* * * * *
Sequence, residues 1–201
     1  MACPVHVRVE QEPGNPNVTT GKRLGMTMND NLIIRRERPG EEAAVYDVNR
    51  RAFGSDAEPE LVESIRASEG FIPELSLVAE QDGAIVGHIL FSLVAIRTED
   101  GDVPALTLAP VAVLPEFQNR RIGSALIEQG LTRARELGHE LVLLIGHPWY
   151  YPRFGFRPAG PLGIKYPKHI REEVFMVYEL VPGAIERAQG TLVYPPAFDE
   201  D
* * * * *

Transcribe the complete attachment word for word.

Sequence, residues 1–201
     1  MACPVHVRVE QEPGNPNVTT GKRLGMTMND NLIIRRERPG EEAAVYDVNR
    51  RAFGSDAEPE LVESIRASEG FIPELSLVAE QDGAIVGHIL FSLVAIRTED
   101  GDVPALTLAP VAVLPEFQNR RIGSALIEQG LTRARELGHE LVLLIGHPWY
   151  YPRFGFRPAG PLGIKYPKHI REEVFMVYEL VPGAIERAQG TLVYPPAFDE
   201  D